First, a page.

British Columbia

Vancouver builder hopes new fast track for permits will improve affordability

Just a couple of years ago, it took Vancouver city staff an average of more than six months to process building permits for a new home.

City pilot project will involve limited number of home builders and designers

The City of Vancouver is launching a new pilot project that attempts to reduce building permit processing times. (David Horemans/CBC)

Just a couple of years ago, it took Vancouver city staff an average of more than six months to process building permits for a new home.

Now, the city is hoping to bring that wait time down to between six and eight weeks for a limited number of experienced home builders through a pilot project meant to streamline the approval process.

The Applicant Supported and Assisted Process (ASAP) program will expedite the process for designers and builders with strong track records and includes 20-30 projects in its first phase, according to the city.

The program attempts to cut down on processing times by running different aspects of the application process at the same time, rather than one after the other, asking for some information at the beginning of the process rather than in the middle and issuing multiple permits at the same time.

'It'll make a huge difference' 

JDL Homes president Doug Langford said he's hoping he'll be asked to participate, but he's yet to receive an invitation.

"If the city can streamline their process and maybe look at changing things a little bit, I think it'll make a huge difference for homeowners and it'll just make our jobs a little easier," Langford told CBC News.

"It'll go a long way to making housing less expensive, because the way they were doing it, it was doing the exact opposite of trying to make housing affordable."

Last year, his company was contracted to build a laneway home in the city, and he said the lengthy permitting process added several months and thousands of dollars to the project.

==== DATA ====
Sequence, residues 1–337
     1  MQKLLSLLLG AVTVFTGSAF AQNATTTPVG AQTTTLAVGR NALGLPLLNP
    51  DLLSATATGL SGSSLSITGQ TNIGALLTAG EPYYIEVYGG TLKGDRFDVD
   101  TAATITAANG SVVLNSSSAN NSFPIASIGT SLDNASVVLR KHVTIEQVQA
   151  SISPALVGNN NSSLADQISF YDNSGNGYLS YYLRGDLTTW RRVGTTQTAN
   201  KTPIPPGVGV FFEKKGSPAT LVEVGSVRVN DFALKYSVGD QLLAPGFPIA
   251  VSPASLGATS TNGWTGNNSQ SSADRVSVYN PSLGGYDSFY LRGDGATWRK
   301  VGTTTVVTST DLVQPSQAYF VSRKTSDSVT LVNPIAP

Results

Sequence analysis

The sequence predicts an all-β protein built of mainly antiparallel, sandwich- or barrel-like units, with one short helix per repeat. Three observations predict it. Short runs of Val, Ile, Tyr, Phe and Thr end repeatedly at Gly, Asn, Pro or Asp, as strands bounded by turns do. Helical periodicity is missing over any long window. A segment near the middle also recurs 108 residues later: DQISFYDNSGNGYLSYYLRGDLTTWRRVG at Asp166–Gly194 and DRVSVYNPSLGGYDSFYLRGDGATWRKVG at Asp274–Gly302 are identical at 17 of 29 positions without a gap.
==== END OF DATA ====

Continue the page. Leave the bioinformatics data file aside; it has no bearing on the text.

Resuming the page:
As Langford tells it, the permit application went through several different layers of city bureaucracy before landing with the landscape department.

"Six months into the process, the landscaping department finally looks at the plans, and goes ... 'You need to change the design of your laneway house,'" Langford said.

Cutting wait times

The issue, he said, was a single tree in the backyard that the city deemed necessary to preserve. So, the homeowners had to hire an arborist, re-engineer a way to pour the foundation and commission more drawings before they could go back to apply for their permits.

"This is just one example of what can happen when you're trying to get a building permit, and this was just because of a tree," Langford said.

From what he's seen of the plans for the ASAP pilot project, he hopes it could prevent a situation like this in the future.

According to the city, recent changes to the permitting process have cut wait times for landscape reviews by 80 per cent.

ASAP is part of Vancouver's goal to create 10,000 new ground-level homes within the next decade. Last year, the city issued more than 1,300 building and development permits for new houses and laneway homes.

Comments

To encourage thoughtful and respectful conversations, first and last names will appear with each submission to CBC/Radio-Canada's online communities (except in children and youth-oriented communities). Pseudonyms will no longer be permitted.

By submitting a comment, you accept that CBC has the right to reproduce and publish that comment in whole or in part, in any manner CBC chooses. Please note that CBC does not endorse the opinions expressed in comments. Comments on this story are moderated according to our Submission Guidelines. Comments are welcome while open. We reserve the right to close comments at any time.